A common reason a cat is brought to see me is their blood-tinged urine. Often bloody cat urine is accompanied by my patient urinating outside of the litter box. This behavior usually makes it easier for pet owners to identify the problem, but it is not the only sign of a possible urinary problem.
What color is cat pee?
In healthy animals, cat urine is yellow. Cat urine can be light in color or appear more amber, but it should be clear and not cloudy. If you notice cat urine that is cloudy or tinged with orange or red, it could be hematuria (blood in the urine).
What is hematuria (blood in the urine)?
If you notice any changes in the color of your cat’s urine, it could be hematuria (a medical term for blood in the urine). Sometimes hematuria is easy to see. For example, your cat’s urine may appear darker or reddish. However, sometimes there is such a small amount of blood in the urine that your vet must examine a sample under a microscope to be sure.
Signs of Hematuria in Cats
Pet owners often discover blood in cat urine when they notice other unusual grooming habits in their feline friend, such as:
- Pee outside their litter box
- Peeing more or less often than usual
- Changes in the amount of urine
- Meow while peeing
- Changes in urine odor and color
- Increased licking or cleaning around the genitals
What causes bloody urine in cats?
There are three common reasons for bloody urine: urinary tract infections, crystals in the urine, and interstitial cystitis. A urine sample may be needed to determine the specific cause.
Urinary tract infections
A urinary tract infection (UTI) is an infection of the bladder, kidneys, urethra, or ureter (the connecting tubes between the kidneys and the bladder) of a cat (or human ). The infection may be limited to the bladder or may involve one or both kidneys in the most severe cases.
In older cats, blood in the urine can be a sign of a UTI. In advanced cases of kidney infection, the owner/caretaker may tell me, “My cat tilts her head over the water trough but isn’t drinking much.
If a cat has a UTI, you may notice symptoms such as:
Treatment: Fortunately, bacterial urinary tract infections can usually be cleared with proper antibiotic therapy. In case of kidney infection, antibiotics will need to be given for at least four to six weeks.
Crystals in urine
In young cats, a common cause of bloody urine is the presence of crystals in the urine (crystalluria). These crystals can lead to a medical emergency when left undiagnosed and untreated.
Blocked urethra: In some male cats, the crystals can cause obstruction of the urethra. Because they cannot urinate through a blocked urethra, it creates a medical emergency, quickly leading to kidney failure and even death within 48 to 72 hours.
Rocks: In female cats and some male cats, the presence of mineral crystals in the urine (usually calcium oxalate or struvite) can lead to stone formation but not urethral blockage.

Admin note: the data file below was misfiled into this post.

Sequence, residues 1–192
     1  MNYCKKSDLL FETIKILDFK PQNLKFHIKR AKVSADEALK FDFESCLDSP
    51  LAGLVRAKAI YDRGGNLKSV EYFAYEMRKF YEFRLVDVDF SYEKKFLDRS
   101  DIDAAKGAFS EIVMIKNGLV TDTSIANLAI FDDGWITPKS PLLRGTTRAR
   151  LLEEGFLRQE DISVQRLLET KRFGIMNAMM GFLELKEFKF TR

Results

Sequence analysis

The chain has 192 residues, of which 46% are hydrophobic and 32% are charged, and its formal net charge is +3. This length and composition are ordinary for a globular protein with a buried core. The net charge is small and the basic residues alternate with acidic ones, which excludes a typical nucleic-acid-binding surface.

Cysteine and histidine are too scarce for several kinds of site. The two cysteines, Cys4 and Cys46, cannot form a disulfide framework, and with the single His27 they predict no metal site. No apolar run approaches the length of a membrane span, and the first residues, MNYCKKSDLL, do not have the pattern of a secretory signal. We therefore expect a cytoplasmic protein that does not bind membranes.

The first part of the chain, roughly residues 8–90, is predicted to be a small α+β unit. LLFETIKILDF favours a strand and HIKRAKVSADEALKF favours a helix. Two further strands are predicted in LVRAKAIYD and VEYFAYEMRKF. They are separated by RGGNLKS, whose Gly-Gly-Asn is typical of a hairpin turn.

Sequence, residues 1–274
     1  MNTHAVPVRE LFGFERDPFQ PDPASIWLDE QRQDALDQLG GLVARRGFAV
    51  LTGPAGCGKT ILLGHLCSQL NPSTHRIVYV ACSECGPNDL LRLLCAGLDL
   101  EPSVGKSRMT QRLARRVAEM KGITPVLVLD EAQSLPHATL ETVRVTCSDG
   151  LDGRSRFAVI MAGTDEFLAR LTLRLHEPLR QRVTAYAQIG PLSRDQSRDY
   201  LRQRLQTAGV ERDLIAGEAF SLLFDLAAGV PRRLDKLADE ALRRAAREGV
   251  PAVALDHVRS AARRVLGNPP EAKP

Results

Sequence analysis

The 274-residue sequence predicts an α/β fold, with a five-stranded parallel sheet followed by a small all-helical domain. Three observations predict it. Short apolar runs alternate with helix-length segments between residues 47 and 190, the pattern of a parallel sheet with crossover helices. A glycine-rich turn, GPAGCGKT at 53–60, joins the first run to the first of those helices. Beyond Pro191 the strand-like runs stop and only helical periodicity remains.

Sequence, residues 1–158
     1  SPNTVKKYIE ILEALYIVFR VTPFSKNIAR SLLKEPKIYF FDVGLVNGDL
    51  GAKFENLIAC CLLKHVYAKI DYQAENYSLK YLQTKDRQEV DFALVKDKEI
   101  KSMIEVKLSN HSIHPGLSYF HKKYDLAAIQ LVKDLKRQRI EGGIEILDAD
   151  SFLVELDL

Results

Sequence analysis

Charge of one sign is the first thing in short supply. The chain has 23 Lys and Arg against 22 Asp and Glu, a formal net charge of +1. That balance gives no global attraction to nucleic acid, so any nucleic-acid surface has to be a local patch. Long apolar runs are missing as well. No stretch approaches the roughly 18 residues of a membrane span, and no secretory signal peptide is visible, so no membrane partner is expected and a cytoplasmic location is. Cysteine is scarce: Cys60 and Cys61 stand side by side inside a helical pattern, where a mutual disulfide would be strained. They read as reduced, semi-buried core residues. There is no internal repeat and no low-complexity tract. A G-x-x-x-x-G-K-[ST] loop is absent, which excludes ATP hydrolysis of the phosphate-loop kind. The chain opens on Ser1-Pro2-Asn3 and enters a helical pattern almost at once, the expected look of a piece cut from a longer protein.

These stones can be found in the kidneys, ureters or bladder. Stones can cause symptoms such as:
- blood in urine
- Chronic or recurrent urinary tract infection
- Loss of the “upstream” kidney
Treatment: Fortunately, ureteral stones are relatively rare. Special diets can help manage crystalluria and stones. However, calcium oxalate stones may require surgery.
The third and most common cause of bloody urine is cystitis, which leads to inflammation of the bladder and urinary tract system. You may also have heard of this condition called feline interstitial cystitis, feline idiopathic cystitis (FIC), feline urological syndrome (FUS), or feline lower urinary tract disease (FLUTD).
Signs of feline interstitial cystitis include:
- Blood-tinged urine
- Increased frequency of urination
- Force to urinate
- Meow while urinating
Treatment: This disease is diagnosed by excluding crystalluria, urinary tract stones, and urinary tract infections via urinalysis, urine culture, and abdominal radiographs (X-rays) or ultrasound.
It is managed by modifying its diet, in particular by increasing canned food to increase the cat’s hydration and thus decrease the concentration of its urine.
Pain management can be an important part of treating cystitis. Additionally, environmental enrichment (more toys, cat perches, less stress) can help reduce the frequency of painful and bloody urination episodes caused by interstitial cystitis.
Other Causes of Blood in Cat Urine
Although rare, hematuria can also be a symptom of other conditions, so it’s important to consult your veterinarian if you notice any changes in your cat’s urine. In addition to UTIs, stones, and cystitis, bloody urine can be a sign of several other conditions, including:
- Pandora Syndrome
- Bacterial infection
- Bladder cancer
- Anatomical abnormalities in young cats
- Urethral obstruction
Diagnosing Bloody Urine in Cats
To better understand your cat’s health status, your veterinarian will gather information in the following ways:
- Medical background: Questions about past health problems and any physical or behavioral changes you have noticed
- Physical exam: Careful examination of your cat’s eyes, mouth, ears, coat and stomach
- Blood test: Small blood samples will be taken and tested in the laboratory
- Urinalysis and urine culture: Testing your cat’s urine to help identify or rule out certain conditions (like UTIs)
- x-rays and ultrasound: Equipment used to take pictures inside your cat’s body can help your vet locate stones
What to do if your cat pees blood
Although the cause of hematuria is often easily treatable, bloody urine can be a sign of a medical emergency or a more serious condition. So if you see blood in your cat’s urine or notice other behavioral changes, don’t wait to get it checked out by your vet.
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